Dr. Mundhir, on the other hand, took a lot of trouble. He regularly brought me the food personally and paid it out of his own pocket. He also brought people to me who always handed me the one or other donation. One day he introduced me to a friend. A very kind and generous man. When he came to my bedside, he brought me a catalog in which a very large selection of wheelchairs was advertised. He gave me the catalog and said, „You can certainly make good use of a power wheelchair. Choose one for yourself. I’ll get it for you.“

His generosity made me feel ashamed, and yet I chose a wheelchair. Two days later, my brother fetched it and from then on, I could move somewhat more autonomously.

In this way, a month passed, in which my host was trying to find someone who could treat me. He showed my findings and computer tomography images to a professor of surgery he knew. The latter said: „He has to wait for two years for the wound to heal before we can operate his back. Bring him to me in two years and I’ll do the surgery. In the meantime, he should start with physiotherapy.“

So I returned to my family at the camp in Ghazi-Antab and spent two whole years there. During this time, people from almost all Arabic countries came to see me. Almost all of them, so I realized gradually, were cheaters.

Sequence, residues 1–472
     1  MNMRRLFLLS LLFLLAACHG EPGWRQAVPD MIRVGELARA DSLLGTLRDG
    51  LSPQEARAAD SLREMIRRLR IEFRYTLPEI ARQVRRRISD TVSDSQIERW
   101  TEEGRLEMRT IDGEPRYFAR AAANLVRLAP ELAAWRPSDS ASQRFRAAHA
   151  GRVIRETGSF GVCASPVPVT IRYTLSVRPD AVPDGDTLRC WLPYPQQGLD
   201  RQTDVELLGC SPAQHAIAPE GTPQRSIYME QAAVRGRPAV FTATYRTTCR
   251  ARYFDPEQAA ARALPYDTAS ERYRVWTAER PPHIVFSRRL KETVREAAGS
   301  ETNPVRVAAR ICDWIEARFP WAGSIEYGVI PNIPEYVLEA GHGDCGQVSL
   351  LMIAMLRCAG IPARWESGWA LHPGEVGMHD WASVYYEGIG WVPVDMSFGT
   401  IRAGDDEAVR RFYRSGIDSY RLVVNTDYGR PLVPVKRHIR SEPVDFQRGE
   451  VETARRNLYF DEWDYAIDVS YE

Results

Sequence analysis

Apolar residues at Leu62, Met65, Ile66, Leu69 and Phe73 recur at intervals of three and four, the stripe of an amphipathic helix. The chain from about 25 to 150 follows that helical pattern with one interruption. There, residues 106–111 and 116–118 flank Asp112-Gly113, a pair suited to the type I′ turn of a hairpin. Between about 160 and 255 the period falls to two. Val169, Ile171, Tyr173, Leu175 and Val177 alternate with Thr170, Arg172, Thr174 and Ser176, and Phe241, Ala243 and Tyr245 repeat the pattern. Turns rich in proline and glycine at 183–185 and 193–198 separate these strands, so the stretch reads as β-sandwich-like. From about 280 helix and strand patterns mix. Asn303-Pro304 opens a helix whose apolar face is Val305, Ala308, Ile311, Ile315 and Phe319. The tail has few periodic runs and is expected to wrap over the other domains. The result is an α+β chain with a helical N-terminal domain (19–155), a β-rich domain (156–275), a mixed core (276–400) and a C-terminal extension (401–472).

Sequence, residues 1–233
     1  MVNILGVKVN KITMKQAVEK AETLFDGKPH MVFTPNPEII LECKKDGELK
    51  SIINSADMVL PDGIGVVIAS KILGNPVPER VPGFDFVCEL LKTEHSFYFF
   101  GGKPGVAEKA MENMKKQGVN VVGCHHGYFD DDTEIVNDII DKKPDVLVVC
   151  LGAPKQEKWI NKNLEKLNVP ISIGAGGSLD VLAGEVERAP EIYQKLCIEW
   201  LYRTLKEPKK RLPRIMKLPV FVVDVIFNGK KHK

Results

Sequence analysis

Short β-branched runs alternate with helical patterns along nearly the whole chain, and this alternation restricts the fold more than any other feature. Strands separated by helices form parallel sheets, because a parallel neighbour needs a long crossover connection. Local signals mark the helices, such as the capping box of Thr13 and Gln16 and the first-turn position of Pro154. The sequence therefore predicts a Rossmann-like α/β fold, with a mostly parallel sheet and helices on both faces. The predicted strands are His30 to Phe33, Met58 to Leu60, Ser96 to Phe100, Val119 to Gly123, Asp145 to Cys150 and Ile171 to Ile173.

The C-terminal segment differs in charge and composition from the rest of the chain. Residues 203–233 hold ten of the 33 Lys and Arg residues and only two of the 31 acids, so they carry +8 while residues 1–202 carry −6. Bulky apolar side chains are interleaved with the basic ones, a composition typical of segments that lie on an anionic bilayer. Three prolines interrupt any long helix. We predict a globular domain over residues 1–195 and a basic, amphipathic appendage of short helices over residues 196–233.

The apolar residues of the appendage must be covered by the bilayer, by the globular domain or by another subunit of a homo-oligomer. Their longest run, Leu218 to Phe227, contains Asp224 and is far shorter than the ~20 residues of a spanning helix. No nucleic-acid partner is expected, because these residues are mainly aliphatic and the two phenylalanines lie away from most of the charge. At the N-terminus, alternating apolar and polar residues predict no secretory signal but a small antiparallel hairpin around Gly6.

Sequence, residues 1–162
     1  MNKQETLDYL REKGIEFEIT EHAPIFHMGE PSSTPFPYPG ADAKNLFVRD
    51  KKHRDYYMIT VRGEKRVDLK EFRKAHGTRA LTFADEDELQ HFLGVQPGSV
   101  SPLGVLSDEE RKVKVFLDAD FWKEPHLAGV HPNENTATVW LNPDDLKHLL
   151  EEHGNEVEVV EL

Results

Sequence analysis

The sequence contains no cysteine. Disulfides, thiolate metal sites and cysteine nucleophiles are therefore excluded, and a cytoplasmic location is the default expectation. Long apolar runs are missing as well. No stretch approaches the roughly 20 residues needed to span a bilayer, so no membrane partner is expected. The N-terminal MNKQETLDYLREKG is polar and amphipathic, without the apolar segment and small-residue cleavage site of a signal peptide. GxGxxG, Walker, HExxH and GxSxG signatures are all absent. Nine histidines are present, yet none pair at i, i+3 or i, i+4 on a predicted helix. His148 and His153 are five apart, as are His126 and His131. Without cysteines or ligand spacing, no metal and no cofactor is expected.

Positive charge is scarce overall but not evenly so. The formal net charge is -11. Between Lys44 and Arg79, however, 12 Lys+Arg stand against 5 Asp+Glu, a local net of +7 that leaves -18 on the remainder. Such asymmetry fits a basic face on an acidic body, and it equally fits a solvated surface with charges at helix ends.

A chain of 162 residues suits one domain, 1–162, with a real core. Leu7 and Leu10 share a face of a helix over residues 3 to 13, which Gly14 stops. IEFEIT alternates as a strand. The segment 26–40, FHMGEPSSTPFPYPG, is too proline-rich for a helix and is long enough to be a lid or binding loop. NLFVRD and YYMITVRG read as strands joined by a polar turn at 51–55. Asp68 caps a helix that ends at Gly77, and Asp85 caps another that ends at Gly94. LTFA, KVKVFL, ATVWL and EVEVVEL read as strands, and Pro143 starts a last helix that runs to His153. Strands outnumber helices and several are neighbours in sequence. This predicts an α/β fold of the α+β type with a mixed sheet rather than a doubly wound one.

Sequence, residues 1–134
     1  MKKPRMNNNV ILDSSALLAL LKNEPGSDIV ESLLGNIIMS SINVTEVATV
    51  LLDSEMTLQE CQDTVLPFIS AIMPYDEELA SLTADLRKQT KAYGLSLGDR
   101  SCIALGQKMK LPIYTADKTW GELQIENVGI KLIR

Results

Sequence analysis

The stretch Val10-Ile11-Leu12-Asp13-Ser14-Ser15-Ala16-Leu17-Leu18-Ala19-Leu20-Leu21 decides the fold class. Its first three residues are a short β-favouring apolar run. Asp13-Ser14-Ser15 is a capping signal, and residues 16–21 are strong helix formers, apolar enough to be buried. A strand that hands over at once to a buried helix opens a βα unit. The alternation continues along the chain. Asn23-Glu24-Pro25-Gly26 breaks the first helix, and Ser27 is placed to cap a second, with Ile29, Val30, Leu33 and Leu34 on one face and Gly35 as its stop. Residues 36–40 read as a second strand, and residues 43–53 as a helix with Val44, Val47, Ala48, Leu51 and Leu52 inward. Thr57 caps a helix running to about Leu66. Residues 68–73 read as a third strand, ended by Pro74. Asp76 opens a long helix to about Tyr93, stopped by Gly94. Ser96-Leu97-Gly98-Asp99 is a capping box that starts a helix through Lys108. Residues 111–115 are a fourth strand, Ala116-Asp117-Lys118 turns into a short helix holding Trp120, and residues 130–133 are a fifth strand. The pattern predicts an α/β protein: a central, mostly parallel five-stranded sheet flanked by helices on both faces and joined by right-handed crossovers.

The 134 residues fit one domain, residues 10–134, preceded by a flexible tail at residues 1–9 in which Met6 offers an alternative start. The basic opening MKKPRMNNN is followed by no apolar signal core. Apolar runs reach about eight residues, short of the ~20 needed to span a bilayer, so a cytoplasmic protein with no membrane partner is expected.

Once, a man promised to help me. He had rented a house not far from the camp and accommodated me there together with other paraplegics. It should be a house for the care of those wounded in the war. Again and again, supporters and organizations came in order to look at the institution. Mostly, they were rich Saudis or Qataris but also Turks and Syrians, who had been living in Europe for some time, were among them. As it turned out, the institution received many donations, but did not pass any of them on to the injured. After two and a half months, I returned to the camp. In those two years, I was brought into similar facilities two more times. On either occasion I hoped that they were serious offers. But both times it was only to collect as many donations as humanly possible. In addition, many came who promised to help me. They took copies of my medical records and disappeared and I never ever heard anything from them any more. Until one day, when someone came to me and told me that with my medical records someone had collected large sums of donations in Saudi Arabia and had then disappeared.